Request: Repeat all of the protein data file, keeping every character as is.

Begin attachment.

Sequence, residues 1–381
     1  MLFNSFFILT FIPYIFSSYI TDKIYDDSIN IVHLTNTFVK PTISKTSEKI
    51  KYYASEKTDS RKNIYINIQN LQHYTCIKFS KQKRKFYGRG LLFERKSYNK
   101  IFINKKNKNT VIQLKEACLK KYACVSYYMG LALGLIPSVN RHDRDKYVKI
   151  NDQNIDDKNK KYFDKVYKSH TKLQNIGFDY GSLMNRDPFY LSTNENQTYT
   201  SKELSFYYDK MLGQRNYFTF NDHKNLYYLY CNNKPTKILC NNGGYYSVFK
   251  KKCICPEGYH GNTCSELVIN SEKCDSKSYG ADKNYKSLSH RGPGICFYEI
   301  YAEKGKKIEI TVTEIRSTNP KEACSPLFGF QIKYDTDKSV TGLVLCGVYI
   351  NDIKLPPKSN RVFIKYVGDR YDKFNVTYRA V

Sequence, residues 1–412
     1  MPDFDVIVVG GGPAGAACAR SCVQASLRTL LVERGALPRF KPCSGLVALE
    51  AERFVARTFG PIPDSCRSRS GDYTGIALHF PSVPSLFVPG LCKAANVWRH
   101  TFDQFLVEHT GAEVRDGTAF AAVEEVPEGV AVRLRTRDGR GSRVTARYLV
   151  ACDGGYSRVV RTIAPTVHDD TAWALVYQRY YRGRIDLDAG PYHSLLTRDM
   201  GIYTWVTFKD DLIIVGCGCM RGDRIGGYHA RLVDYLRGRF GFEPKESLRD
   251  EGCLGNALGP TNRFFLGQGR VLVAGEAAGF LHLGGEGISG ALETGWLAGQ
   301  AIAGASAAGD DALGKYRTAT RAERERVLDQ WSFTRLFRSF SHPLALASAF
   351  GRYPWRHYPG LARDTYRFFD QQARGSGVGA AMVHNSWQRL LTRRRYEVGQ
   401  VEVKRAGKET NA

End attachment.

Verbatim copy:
Sequence, residues 1–381
     1  MLFNSFFILT FIPYIFSSYI TDKIYDDSIN IVHLTNTFVK PTISKTSEKI
    51  KYYASEKTDS RKNIYINIQN LQHYTCIKFS KQKRKFYGRG LLFERKSYNK
   101  IFINKKNKNT VIQLKEACLK KYACVSYYMG LALGLIPSVN RHDRDKYVKI
   151  NDQNIDDKNK KYFDKVYKSH TKLQNIGFDY GSLMNRDPFY LSTNENQTYT
   201  SKELSFYYDK MLGQRNYFTF NDHKNLYYLY CNNKPTKILC NNGGYYSVFK
   251  KKCICPEGYH GNTCSELVIN SEKCDSKSYG ADKNYKSLSH RGPGICFYEI
   301  YAEKGKKIEI TVTEIRSTNP KEACSPLFGF QIKYDTDKSV TGLVLCGVYI
   351  NDIKLPPKSN RVFIKYVGDR YDKFNVTYRA V

Sequence, residues 1–412
     1  MPDFDVIVVG GGPAGAACAR SCVQASLRTL LVERGALPRF KPCSGLVALE
    51  AERFVARTFG PIPDSCRSRS GDYTGIALHF PSVPSLFVPG LCKAANVWRH
   101  TFDQFLVEHT GAEVRDGTAF AAVEEVPEGV AVRLRTRDGR GSRVTARYLV
   151  ACDGGYSRVV RTIAPTVHDD TAWALVYQRY YRGRIDLDAG PYHSLLTRDM
   201  GIYTWVTFKD DLIIVGCGCM RGDRIGGYHA RLVDYLRGRF GFEPKESLRD
   251  EGCLGNALGP TNRFFLGQGR VLVAGEAAGF LHLGGEGISG ALETGWLAGQ
   301  AIAGASAAGD DALGKYRTAT RAERERVLDQ WSFTRLFRSF SHPLALASAF
   351  GRYPWRHYPG LARDTYRFFD QQARGSGVGA AMVHNSWQRL LTRRRYEVGQ
   401  VEVKRAGKET NA